A conceptual scheme by a team of South Korean designers calls for inserting towers within the hollowed-out trunks of giant sequoias in the western US.
Called Tribute: The Monument of Giant, the visionary scheme imagines buildings constructed within the empty trunks of giant sequoias, a type of redwood tree native to the Sierra Nevada mountains in California. The structures would be placed where heartwood has rotted away, preventing the huge ancient trees from falling.
Giant sequoias are the largest single trees in the world, with average heights of 50 to 85 metres and diameters of six to eight metres. They also are among the oldest living organisms on earth, with certain trees believed to be over 3,000 years old.
The concept – envisioned by designers Ko Jinhyeuk, Cheong Changwon, Cho Kyuhung and Choi Sunwoong –
received honourable mention in the 2017 eVolo skyscraper competition.
“This project attempts to show a new architectural approach to human coexistence with nature, in harmony with the nature’s temporality,” the team said.
“The architecture quietly takes place in the empty void of trunks, without hindering the breathtaking landscape formed by the giants. It then becomes active as an artificial organ to replace the trunks rotten away.”
Inside the trees, a structural core would run up the centre and an additional lattice-like cage would form an outer casing behind the thick bark. A series of platforms would provide spaces for education, laboratories, exhibitions and observation decks.
Water would be drawn up from the ground using a system that mirrors the tree’s natural collection method.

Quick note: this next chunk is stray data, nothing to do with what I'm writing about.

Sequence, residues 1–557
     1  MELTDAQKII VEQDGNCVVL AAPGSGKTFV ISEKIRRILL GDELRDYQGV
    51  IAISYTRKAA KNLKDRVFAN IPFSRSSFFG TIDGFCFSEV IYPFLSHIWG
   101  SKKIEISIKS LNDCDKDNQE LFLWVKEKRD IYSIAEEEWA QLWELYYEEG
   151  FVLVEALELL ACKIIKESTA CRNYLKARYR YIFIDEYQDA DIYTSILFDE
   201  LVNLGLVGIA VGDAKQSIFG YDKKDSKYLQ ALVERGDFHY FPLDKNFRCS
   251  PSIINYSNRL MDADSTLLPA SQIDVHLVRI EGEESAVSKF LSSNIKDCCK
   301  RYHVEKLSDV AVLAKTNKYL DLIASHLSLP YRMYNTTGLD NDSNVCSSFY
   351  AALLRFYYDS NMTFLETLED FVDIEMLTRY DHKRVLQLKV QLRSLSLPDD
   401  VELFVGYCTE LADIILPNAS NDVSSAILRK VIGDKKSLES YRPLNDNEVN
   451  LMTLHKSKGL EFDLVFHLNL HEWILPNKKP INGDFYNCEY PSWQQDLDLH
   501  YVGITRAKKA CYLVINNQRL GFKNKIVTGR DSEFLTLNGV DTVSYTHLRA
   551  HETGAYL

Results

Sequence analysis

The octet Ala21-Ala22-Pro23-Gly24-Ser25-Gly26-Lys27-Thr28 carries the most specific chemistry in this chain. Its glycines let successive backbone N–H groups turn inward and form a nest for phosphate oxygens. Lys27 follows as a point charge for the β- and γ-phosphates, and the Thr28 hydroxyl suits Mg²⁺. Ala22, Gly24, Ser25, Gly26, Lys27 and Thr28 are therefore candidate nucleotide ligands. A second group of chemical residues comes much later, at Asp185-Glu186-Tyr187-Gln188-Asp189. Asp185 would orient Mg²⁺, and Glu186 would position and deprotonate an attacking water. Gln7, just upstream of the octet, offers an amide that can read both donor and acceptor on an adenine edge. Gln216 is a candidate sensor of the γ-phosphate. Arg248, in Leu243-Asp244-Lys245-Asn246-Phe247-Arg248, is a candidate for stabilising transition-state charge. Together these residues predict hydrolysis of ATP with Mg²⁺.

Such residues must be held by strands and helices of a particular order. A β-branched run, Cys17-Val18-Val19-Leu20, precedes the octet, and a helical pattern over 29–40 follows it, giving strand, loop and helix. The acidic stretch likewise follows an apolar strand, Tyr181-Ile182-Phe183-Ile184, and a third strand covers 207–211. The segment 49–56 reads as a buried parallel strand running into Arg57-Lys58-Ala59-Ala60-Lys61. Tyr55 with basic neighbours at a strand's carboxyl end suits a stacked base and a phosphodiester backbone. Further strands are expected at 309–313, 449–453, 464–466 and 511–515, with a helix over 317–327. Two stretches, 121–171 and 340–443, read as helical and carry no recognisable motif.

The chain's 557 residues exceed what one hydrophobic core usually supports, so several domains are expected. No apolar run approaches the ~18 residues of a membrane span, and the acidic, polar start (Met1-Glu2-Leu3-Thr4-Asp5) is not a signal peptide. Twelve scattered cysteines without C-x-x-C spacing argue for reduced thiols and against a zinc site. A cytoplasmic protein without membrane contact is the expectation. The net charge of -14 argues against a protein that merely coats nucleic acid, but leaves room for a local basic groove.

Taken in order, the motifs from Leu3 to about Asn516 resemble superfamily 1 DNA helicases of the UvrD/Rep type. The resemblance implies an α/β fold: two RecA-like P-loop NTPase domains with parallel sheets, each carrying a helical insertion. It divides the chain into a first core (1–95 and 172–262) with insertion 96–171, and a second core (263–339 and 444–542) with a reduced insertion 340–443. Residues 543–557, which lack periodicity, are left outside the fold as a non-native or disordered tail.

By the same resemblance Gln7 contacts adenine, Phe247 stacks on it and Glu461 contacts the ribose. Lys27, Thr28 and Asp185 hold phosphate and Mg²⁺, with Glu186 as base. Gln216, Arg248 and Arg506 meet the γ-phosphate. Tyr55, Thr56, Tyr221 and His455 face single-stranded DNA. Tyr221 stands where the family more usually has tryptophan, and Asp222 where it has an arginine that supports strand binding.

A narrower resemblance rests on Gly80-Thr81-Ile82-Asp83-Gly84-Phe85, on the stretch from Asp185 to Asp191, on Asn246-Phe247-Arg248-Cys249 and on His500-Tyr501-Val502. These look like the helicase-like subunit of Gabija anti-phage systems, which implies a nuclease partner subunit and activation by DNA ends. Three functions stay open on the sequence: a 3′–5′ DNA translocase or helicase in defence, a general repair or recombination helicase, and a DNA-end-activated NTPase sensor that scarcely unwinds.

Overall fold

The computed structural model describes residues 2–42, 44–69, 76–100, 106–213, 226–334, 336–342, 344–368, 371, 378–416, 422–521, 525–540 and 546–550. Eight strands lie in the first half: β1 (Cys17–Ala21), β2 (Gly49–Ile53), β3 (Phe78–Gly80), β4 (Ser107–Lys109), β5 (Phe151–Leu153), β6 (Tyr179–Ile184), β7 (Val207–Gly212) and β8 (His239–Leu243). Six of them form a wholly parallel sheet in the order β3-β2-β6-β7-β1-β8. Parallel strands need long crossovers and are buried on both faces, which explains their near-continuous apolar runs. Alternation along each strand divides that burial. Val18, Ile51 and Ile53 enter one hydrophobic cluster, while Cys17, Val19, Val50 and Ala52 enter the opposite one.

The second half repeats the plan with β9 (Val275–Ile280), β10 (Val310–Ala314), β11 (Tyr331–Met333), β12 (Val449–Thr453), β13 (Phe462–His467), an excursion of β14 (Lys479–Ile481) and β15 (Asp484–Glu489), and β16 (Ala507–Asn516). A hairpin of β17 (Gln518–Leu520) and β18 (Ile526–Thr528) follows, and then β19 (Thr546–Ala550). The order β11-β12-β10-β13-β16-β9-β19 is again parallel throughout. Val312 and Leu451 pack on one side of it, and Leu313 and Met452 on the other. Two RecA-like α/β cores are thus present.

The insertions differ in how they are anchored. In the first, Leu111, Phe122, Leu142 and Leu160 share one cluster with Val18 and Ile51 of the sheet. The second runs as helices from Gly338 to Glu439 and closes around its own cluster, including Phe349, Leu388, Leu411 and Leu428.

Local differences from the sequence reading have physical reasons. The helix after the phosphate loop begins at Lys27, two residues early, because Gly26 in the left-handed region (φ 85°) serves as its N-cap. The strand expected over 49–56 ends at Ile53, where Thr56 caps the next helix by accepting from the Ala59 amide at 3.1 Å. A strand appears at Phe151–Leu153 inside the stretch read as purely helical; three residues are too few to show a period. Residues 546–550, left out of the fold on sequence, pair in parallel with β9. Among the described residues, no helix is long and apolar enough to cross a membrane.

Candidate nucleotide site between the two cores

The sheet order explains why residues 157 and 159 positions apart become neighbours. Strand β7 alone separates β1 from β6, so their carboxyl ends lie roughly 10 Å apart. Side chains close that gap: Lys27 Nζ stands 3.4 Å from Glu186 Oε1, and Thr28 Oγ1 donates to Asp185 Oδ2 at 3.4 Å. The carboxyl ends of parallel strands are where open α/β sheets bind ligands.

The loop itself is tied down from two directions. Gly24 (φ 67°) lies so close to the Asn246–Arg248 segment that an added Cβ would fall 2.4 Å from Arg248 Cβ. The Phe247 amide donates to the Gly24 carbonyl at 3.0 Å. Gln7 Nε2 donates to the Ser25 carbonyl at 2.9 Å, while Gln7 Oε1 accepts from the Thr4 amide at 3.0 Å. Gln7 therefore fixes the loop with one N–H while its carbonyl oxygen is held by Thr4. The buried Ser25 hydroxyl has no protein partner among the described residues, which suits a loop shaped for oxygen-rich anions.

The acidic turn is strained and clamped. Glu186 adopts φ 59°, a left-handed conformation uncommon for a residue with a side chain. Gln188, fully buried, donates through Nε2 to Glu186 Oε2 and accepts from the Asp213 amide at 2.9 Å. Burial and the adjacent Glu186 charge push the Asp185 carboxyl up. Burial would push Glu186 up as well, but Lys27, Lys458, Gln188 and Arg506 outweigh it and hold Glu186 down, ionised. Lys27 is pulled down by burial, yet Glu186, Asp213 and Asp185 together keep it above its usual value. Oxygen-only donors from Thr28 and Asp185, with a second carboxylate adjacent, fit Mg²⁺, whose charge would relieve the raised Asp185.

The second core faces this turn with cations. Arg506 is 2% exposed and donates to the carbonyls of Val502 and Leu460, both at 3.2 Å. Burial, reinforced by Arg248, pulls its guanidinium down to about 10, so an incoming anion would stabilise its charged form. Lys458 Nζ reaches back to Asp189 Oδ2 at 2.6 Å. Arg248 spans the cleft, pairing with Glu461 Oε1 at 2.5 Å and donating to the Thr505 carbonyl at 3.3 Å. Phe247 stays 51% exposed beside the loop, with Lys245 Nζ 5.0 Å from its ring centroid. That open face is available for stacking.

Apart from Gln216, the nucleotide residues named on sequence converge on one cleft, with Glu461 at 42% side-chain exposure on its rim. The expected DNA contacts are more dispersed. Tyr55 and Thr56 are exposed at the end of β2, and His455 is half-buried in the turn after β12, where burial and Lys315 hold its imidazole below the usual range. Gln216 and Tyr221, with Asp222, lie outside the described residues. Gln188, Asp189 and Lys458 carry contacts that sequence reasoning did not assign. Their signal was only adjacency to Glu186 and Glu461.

The conceptual design is meant to serve as an antidote to the worsening condition of the environment. Human’s plundering of the earth’s resources has led to a rise in natural disasters, the team said.
“The desire of human has been endless and it is incapable of coexisting with the nature,” the team said. “Crying in agony, the nature seems to fight back with natural disasters all around the world, and it is increasingly visible that the earth is ever more sickened.”
The team described deforestation as “one of the most deadly sins to nature”, and also a leading cause of natural disasters.
“Now is the time that we need to change, to stop exploiting the nature for selfishness and to start learning how to supplement each other on living,” the designers said.
Giant sequoias were chosen not only for their height and volume, but also because their root system is relatively shallow — meaning that when they start to rot, they can easily fall down.
“When the heartwood – the structural backbone of the tree – starts to rot, the trees fall dead from their own weight,” the team said.
Constructing buildings within the trunks would enable the trees to continue standing.
“Only occupied in the void is the minimal gesture necessary for the human stay,” the team said. “It complements the structural reinforcement and features, not only for the humans but for the giants to stand.”
The giant sequoias are being “mercilessly destroyed” by modernisation, the team said. Global warming has increased the breeding rates of insects that inhabit and kill trees. While giant sequoias have not yet been affected, climate-induced pathogens have killed spruce and pine trees in western North America, according to Yale’s forestry school.
The designers hope their proposal will bring attention to the plight of the trees, and will inspire in people an appreciation and respect for nature.
“It may be a valuable experience for those to feel the synergy of the beautiful landscape of the giant sequoia forest fused with the amenity space, which is quite different from the grey building forest of cities,” the team said.
The scheme was among 22 honourable mention in this year’s eVolo skyscraper competition, which invites architects and designers to conceive futuristic towers. The first-place winner was a modular farm tower proposed for sites across sub-Saharan Africa, by Polish designers Pawel Lipiński and Mateusz Frankowski.
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